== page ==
In prior lives, as a hiring manager, I've interviewed scores of job applicants. And in the course of interviews, I've seen (how shall I say?) certain recurrent antipatterns of behavior that are usually a pretty good tipoff that the person in question "isn't right for the job."
Here are seven things I don't want to see during an interview. Committing only one or two of these transgressions might not cost you the job, but if a pattern starts to emerge, believe me, I'll notice it; and you won't be asked back.
1. Be late.
This indicates lack of commitment to deadlines. Arriving 10 to 15 minutes ahead of time is at least a small clue that you know how to underpromise and overdeliver. If you got stuck in traffic, that's fine, it doesn't penalize you (especially if you call ahead to let someone know you'll be late). Otherwise? Don't waste your hiring manager's time. Don't be late.
2. Be unprepared.
Did you leave samples of prior work at home? (Yes, I can look them up online, but it's a nice courtesy to be offered hard copies of previous work, whether printed or on CD, DVD, flash drive, etc.) Did you forget to bring an extra copy of your resume? Again, these sorts of small details aren't going to be a showstopper in and of themselves, but taken together with other items in this list, it can reveal a pattern of inattention to "little things." Sustained inattention to "little things" kills a business. Don't act like you don't know that.
3. Avoid eye direct eye contact.
If you can't look me in the eye when answering questions, I'm going to get the impression, subconsciously at least, that you're hiding something, or that you're ashamed of something, anxious to leave, easily distracted by your surroundings, etc. (or that you just don't like me). Stay focused. I'm your center of attention. Look me in the eye.
4. Say bad things about a previous employer, or be unable to explain why you left a previous job.
If I'm interviewing you, rest assured, I am going to ask you about your previous work experience. That means I'll definitely ask why you left your previous jobs (yes, all of them). Be careful how you answer. If you left a job because a previous employer treated people poorly, provide concrete details; explain the exact circumstances. But be careful. If you say something negative about a previous job, a previous manager, or a company, I'll assume that you may someday say something negative about me or my company. I'll question your loyalty before you even begin working. That's not good.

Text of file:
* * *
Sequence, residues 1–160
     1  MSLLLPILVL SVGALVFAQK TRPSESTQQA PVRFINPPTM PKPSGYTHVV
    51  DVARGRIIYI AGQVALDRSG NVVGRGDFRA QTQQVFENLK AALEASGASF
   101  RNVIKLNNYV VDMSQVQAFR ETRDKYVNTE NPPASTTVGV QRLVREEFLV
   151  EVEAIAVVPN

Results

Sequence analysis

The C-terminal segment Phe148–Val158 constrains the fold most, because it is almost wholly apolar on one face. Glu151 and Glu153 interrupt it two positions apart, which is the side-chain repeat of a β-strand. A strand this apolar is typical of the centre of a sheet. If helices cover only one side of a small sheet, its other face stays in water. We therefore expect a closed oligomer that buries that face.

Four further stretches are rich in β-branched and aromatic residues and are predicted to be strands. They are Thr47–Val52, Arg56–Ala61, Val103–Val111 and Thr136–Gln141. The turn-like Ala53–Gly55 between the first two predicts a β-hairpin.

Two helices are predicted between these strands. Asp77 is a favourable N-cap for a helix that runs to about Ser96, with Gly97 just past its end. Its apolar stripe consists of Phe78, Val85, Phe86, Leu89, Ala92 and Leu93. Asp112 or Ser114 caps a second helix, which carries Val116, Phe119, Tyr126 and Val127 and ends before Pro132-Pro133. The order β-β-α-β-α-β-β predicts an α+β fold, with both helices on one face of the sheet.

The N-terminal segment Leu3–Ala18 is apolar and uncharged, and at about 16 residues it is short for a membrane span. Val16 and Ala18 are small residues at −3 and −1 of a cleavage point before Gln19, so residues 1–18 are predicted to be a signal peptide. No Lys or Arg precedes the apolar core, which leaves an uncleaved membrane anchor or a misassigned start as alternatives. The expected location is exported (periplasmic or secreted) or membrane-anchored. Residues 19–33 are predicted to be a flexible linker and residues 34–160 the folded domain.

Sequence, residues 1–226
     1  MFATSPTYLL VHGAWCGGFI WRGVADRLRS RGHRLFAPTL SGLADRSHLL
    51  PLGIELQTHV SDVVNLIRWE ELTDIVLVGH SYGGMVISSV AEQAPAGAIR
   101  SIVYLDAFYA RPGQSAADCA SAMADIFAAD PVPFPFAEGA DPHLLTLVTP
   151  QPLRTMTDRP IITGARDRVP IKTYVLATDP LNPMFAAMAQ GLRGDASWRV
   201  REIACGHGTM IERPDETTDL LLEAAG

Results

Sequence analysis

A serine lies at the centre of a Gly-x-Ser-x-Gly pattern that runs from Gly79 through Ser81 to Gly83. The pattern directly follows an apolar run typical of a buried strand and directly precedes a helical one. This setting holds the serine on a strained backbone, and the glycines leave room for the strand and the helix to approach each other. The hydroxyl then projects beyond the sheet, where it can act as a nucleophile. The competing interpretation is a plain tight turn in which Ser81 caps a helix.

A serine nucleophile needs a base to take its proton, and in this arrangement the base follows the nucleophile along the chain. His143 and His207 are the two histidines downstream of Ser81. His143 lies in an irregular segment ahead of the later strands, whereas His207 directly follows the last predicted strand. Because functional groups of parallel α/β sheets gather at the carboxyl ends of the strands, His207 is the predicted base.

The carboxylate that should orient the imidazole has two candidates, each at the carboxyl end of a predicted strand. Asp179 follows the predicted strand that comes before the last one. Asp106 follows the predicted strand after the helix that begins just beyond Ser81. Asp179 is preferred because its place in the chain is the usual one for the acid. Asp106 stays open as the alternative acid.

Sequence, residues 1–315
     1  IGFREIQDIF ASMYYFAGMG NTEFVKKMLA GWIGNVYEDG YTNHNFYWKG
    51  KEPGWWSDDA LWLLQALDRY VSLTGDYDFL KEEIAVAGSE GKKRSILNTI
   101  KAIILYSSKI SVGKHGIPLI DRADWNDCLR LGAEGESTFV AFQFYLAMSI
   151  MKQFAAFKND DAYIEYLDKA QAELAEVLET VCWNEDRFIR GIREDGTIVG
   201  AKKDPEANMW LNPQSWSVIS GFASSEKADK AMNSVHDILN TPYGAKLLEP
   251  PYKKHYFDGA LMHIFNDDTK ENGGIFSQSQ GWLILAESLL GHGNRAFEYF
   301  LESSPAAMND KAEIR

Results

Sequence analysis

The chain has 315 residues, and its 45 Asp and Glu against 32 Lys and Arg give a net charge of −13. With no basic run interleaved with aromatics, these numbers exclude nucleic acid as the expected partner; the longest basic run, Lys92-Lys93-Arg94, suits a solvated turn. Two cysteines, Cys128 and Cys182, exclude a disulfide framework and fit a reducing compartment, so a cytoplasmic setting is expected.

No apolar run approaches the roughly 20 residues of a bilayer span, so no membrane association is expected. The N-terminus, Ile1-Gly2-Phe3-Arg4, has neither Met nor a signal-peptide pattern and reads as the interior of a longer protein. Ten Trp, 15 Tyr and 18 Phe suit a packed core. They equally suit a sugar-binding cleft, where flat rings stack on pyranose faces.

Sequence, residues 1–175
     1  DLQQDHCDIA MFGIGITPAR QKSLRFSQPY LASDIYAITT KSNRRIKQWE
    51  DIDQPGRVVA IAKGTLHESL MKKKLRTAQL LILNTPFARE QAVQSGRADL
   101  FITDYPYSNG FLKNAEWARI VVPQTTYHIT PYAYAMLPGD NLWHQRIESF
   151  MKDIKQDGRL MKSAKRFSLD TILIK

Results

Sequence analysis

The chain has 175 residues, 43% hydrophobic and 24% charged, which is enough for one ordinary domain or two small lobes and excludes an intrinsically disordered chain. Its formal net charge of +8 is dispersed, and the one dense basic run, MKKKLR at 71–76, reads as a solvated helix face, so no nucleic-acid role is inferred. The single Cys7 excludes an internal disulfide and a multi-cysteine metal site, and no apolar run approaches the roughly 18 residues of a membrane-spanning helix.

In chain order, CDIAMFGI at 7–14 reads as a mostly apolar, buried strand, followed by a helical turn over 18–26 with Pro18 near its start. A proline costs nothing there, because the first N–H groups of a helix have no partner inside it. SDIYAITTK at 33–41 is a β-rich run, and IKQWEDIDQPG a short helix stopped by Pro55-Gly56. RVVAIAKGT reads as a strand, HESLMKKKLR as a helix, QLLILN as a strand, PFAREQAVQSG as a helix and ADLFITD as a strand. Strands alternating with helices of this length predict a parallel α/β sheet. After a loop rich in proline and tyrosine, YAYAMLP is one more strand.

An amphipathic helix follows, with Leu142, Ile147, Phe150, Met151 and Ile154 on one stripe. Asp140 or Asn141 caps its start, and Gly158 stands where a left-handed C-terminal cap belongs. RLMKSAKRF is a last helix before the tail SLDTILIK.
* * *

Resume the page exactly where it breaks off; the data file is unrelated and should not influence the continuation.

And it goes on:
5. Fail to ask good questions about the job.
If you're seriously interested in the job, you'll have questions. By all means, ask! I want to know what's important to you (work conditions? people? hours? pay? the quality and nature of the assignments?), and I'll get some indication of that in the kind of questions you choose to ask. Plus, asking questions shows that you're inquisitive, thoughtful, and not merely interested in superficial matters -- or just being employed again.
6. Ask a lot of questions about flextime, days off, bonus plan, stock options, and job perks (and show concerns around how much overtime you might need to work).
I need somebody who's a hard worker and committed to helping a team meet difficult deadlines. Don't make me think you're focused on not working hard. It's okay to ask questions about perks and benefits (it's expected, actually), but save them until the end and for gosh sakes, don't make it look like perks, benefits, and compensation are near the top of your list of priorities. I'll wonder about your work ethic.
7. Come to the interview not having gone to the company's web site and not knowing a thing about the company.
Before coming to an interview, do a little homework. Visit the company web site (be prepared to critique it later, if asked), learn the company's history, and try to understand the company's positioning in the market and current strategies. I want to know that you're self-motivated, able to do a little research on your own, and keenly interested in this particular job, at this particular company. If you come to the interview not knowing what the company does, it shows me you don't care about the big picture. Maybe you don't care about anything. Maybe you're just plain lazy. Next.
There are plenty more ways to show an interviewer that you aren't the right person for the job, but these are a few of my favorites. And yes, I've interviewed candidates who flunked on all counts. It's amazing how many job candidates come to an interview well dressed but unprepared, unaware of what the company does, unable to ask questions that aren't related to perks and benefits, and unable to say good things about prior employers.
I want to know that you're a hard worker and a highly focused, self-motivated individual who is detail-oriented, yet also tries to understand the big picture. Is that so much to ask?